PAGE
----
What are themes in Emerson's "Self-Reliance"?

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Self-reliance in this essay is not about taking care of the externals of life, such as food, shelter, and clothing. Instead, it is about the state of one's soul: Emerson strongly advocates for trusting one's inner promptings and following what they say about one's vocation in life.

Emerson states that a person should be a non-conformist as he embarks on life, not looking to do what is conventional or expected, but rather following what his soul dictates:

Trust thyself: every heart vibrates to that iron string. Accept the place the divine providence has found for you, the society of your contemporaries, the connection of events.

According to Emerson, each person is born with a destiny implanted in him by God and will be unhappy until he fulfills it. The essay thus argues in favor of individualism: society can impede this, so it is important to cultivate solitude to discern one's true path, then follow that path back into society:

What I must do is all that concerns me, not what the people think. This rule, equally arduous in actual and in intellectual life, may serve for the whole distinction between greatness and meanness. It is the harder, because you will always find those who think they know what is your duty better than you know it. It is easy in the world to live after the world’s opinion; it is easy in solitude to live after our own; but the great man is he who in the midst of the crowd keeps with perfect sweetness the independence of solitude.

One must be original and true to oneself in order to find true contentment in life. Non-conformity doesn't mean just doing whatever you feel like in some hippie-dippy way, but instead means discerning, beneath material gain or the easy way out, what you are meant to do in life and doing it, even it's hard and people criticize you. There is no other way to live to one's highest potential or to find peace:

Nothing can bring you peace but yourself. Nothing can bring you peace but the triumph of principles.

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Ralph Waldo Emerson, a transcendentalist or one who believes

in the idea that truth resides throughout creation and is grasped intuitively, not rationally,

is known for his philosophical stance against "materialism, institutionalized religion, and slavery." These topics were at the foundation of his speeches and writings.  Along with this philosophy, his stress on individual integrity is reflected in his mantra of "Trust thyself" and is a repeated message in his essay, "Self-Reliance."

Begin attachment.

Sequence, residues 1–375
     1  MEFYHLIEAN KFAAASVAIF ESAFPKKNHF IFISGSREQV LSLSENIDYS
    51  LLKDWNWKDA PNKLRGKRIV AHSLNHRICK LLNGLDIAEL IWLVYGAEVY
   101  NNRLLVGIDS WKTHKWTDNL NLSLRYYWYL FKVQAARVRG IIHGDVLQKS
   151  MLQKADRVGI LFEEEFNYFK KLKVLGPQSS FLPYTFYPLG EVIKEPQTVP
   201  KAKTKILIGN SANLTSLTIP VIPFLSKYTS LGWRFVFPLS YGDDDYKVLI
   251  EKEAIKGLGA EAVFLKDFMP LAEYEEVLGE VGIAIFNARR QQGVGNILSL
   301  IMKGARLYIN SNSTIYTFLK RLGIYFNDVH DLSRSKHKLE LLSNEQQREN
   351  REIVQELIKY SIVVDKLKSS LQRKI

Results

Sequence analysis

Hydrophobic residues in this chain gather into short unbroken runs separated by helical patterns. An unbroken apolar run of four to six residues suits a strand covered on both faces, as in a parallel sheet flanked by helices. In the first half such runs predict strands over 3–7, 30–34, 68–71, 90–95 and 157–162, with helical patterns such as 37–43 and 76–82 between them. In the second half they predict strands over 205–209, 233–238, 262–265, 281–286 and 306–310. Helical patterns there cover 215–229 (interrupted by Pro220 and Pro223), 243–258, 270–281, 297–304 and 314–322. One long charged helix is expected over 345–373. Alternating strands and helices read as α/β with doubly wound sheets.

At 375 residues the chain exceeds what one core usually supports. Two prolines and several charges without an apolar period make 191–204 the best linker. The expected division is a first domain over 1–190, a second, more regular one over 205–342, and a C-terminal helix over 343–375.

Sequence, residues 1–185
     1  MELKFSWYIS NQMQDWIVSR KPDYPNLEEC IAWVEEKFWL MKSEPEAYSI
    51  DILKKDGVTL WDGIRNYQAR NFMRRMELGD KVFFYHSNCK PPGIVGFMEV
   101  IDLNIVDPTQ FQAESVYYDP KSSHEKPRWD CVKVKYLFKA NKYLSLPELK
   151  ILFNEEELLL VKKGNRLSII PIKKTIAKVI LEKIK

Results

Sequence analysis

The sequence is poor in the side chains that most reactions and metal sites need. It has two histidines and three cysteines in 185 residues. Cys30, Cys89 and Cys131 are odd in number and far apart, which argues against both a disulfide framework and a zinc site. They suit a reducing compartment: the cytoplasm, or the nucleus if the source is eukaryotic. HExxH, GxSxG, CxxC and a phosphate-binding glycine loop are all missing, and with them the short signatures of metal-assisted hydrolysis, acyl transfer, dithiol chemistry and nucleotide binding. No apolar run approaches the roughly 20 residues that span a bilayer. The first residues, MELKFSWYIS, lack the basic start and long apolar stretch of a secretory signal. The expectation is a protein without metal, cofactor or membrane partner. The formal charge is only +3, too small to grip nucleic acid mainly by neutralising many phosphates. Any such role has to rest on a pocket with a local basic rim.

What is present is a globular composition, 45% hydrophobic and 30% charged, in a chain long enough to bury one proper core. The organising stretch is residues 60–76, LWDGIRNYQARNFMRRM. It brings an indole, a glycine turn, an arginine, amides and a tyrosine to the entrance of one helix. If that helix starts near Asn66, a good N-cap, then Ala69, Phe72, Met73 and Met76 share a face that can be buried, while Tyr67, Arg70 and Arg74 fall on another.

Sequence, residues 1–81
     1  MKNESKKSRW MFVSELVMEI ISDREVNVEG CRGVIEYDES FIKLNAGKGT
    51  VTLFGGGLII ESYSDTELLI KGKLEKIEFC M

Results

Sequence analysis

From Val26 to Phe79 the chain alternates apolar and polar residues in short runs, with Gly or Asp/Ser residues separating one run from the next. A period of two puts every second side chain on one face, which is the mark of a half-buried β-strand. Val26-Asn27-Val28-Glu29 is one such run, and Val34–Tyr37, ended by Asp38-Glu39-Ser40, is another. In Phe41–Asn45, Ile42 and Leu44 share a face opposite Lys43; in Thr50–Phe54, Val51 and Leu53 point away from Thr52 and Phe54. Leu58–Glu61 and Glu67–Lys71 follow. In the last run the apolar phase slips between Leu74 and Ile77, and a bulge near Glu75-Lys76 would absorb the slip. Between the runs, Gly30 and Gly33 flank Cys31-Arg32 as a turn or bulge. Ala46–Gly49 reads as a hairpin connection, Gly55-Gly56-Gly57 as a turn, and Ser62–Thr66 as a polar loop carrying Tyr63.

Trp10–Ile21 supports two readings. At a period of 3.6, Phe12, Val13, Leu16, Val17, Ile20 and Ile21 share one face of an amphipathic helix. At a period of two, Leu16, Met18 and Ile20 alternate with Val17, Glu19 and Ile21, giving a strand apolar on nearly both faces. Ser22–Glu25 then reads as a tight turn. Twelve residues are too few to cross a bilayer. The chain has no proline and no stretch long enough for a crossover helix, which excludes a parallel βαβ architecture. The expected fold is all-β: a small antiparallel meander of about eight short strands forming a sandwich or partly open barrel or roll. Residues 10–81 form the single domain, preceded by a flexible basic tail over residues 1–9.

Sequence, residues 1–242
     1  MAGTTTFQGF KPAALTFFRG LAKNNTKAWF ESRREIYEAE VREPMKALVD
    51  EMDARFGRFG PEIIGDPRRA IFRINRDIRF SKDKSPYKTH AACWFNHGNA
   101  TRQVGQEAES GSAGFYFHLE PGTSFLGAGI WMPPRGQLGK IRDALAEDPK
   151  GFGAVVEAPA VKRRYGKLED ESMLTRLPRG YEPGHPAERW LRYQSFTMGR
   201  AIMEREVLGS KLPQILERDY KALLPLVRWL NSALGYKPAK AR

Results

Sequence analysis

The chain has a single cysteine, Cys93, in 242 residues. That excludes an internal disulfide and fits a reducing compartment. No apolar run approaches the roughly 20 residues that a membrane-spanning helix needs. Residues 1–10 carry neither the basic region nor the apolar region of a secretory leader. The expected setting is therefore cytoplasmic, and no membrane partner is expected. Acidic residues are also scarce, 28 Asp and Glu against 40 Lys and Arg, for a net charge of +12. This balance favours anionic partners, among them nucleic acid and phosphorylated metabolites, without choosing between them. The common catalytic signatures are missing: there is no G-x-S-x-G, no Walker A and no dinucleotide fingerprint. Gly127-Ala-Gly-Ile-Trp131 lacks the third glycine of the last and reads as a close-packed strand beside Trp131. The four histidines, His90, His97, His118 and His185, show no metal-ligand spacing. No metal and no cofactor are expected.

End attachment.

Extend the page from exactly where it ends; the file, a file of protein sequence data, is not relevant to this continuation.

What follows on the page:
This idea is reflected in Emerson's beginning definition of genius:

To believe your own thought, to believe that what is true for you in your private heart is true for all men—that is genius.

Continuing with this idea of "to believe your own thought..that is genius", Emerson discusses societal pressure and the importance of self-worth and value, relationship between  the individual and "the divine spirit," the moment of "highest truth" when an individual truly finds peace in the discovery of truth, and the importance of resisting temptation of social pretense when one isn't true to one's self and to each other. All of these ideas come to the telling discovery of "Self-Reliance" in which

Emerson concludes, "Nothing can bring you peace but yourself. Nothing can bring you peace but the triumph of principles.''

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Polonius's advice to Hamlet includes a famous phrase:

...to thy own self be true/And it must follow,as the night the day,/Thou canst not then be false to any man (I,iii,78-80)

This advice is the theme of Emerson's "Self-Reliance":  Trust thyself, and value thy own experiences, insights, opinions, and experiences above those presented by society and religion.

Rejecting the Calvinism of his father, Emerson felt that everyone has, not depravity, but a divine uniqueness that allows him to be unselfish and productive:

Whoso would be a man must be a non-conformist.....Nothing is at last sacred byt the integrity of your own mind.  Absolve you to yourself, and you shall have the suffrage of the world.

In this passage Emerson also expresses the theme of nonconformity:  "Society is a joint-stock company" in which the members agree to sacrifice the desires of the individual for the safety of the group.

Another theme is originality as opposed to imitation:  "Insist on yourself.  Never imitate."  Emerson perceives society as being in conspiracy against the manhood of all of its members, removing the "integrity of the individual."

These themes are certainly relevant today, with people finding it too comfortable to follow along rather than risk "being misunderstood."

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